‘Legal tightrope’: N. Irish medics fear life imprisonment over abortion advice

© Alex Lee
Medics in Northern Ireland are anxious they could face imprisonment for offering advice to women who are seeking an abortion, healthcare leaders have warned.

Doctors are fearful the provision of advice about abortion clinics in England could prove illegal under Northern Irish law. 

The number of legal abortions being conducted in the region has dropped by fifty percent over the past 24 months because doctors and midwives are alarmed by punitive guidelines concerning abortion in the jurisdiction.

The guidelines were published in early 2013 by Northern Ireland’s health minister Edwin Poots.

“It is important for practitioners to appreciate that anyone who unlawfully performs a termination of pregnancy is liable to criminal prosecution with a maximum penalty of life imprisonment,” the document states.

Although the guidelines were never implemented, doctors told the Guardian they have had a “chilling effect” on healthcare staff who became reluctant to conduct abortions that previously would have been considered standard.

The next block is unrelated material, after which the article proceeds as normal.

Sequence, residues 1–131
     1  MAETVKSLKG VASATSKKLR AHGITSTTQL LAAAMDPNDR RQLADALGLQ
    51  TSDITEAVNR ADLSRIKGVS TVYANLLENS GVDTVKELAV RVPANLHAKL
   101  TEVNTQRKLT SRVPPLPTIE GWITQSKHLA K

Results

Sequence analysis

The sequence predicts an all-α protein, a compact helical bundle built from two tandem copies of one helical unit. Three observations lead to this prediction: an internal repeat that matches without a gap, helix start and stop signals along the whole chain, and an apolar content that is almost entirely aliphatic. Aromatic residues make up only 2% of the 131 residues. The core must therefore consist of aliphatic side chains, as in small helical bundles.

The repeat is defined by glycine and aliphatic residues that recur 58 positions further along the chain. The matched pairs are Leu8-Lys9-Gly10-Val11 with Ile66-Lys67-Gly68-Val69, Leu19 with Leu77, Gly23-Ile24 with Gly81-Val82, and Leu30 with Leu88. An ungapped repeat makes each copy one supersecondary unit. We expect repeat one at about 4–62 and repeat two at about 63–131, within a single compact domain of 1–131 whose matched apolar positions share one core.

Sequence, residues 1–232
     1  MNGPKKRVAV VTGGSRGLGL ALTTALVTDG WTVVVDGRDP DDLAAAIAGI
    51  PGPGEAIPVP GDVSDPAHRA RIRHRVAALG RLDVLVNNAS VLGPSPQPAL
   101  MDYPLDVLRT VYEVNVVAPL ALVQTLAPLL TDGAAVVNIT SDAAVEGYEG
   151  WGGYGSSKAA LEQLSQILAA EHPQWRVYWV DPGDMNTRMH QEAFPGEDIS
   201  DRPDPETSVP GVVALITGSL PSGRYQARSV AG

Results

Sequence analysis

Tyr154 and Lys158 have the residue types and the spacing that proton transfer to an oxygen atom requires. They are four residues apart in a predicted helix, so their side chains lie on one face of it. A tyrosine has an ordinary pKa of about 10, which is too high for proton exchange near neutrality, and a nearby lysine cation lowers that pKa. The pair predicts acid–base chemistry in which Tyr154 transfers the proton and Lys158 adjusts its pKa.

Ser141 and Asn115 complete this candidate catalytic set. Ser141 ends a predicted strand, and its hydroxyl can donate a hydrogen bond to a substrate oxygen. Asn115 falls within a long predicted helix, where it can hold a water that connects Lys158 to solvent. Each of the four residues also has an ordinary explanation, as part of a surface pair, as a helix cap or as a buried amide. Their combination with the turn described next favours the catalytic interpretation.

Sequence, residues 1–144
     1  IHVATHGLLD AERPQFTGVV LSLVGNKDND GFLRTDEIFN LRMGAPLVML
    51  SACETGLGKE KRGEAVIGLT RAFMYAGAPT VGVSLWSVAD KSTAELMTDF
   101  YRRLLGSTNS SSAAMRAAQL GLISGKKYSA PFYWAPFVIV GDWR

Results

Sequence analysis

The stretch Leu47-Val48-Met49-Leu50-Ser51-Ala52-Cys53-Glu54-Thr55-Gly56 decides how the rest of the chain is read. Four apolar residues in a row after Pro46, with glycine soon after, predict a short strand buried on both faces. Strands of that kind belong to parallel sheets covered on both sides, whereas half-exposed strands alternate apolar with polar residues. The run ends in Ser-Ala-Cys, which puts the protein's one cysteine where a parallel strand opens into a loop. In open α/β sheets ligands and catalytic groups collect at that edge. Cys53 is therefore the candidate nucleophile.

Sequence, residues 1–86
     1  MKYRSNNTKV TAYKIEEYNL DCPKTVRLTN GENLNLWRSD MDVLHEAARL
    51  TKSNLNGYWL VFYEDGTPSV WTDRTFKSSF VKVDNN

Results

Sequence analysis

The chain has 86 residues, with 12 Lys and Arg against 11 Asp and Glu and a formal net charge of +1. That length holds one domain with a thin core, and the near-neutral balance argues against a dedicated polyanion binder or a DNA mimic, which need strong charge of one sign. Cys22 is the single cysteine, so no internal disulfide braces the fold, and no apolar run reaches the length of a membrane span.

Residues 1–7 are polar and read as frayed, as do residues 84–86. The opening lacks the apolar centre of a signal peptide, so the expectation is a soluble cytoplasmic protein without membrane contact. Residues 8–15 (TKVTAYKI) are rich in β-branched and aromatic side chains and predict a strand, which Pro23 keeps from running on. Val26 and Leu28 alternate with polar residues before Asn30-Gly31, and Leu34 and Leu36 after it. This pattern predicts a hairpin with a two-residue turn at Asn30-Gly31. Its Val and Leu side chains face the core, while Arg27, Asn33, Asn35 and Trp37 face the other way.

Speaking to the paper, Carolyn Bailie of the Northern Ireland committee of the Royal College of Obstetricians and Gynaecologists warned Northern Irish medics are living in a climate of fear.

“There is a real sense of fear and concern that one of us could end up in prison,” she said.

Chair of the Royal College of GPs in Northern Ireland John O’Kelly told the paper medics in Northern Ireland are walking “a legal tightrope.”

“It is difficult for us to advise our patients – if you offer them advice on who to contact, are you breaking the law? We don’t know,” he said.

In February 2015, Amnesty International branded Northern Ireland’s abortion laws the harshest in Europe and said they must be urgently reformed.

The following November, Belfast High Court ruled that Northern Ireland’s ban on abortion, even in cases of rape and incest, is “incompatible with human rights.” The Northern Ireland Human Rights Commission (NICHRC), which brought the case to the High Court, welcomed the decision at the time.

Britain’s Abortion Act 1967 does not extend to Northern Ireland. In contrast to the rest of UK, abortion is only available in Northern Ireland if there is a real risk to the woman’s long-term mental or physical health.

Because abortion legislation there is so ambiguous, midwives are reportedly concerned their agreement to assist with an abortion may be criminal. Others say they are anxious they could be prosecuted for procedures they previously helped with as a result of this legal uncertainty.

Obstetricians and gynecologists told the Guardian they feel unable to offer women adequate care in the face of concrete guidance on how the law should be interpreted.

More than 1,000 women travel from Northern Ireland to access abortion services in England each year, according to Department of Health figures. Northern Irish women are also not eligible for NHS funded abortions, and must pay for the procedure at a cost of £900 (US$ 1,500).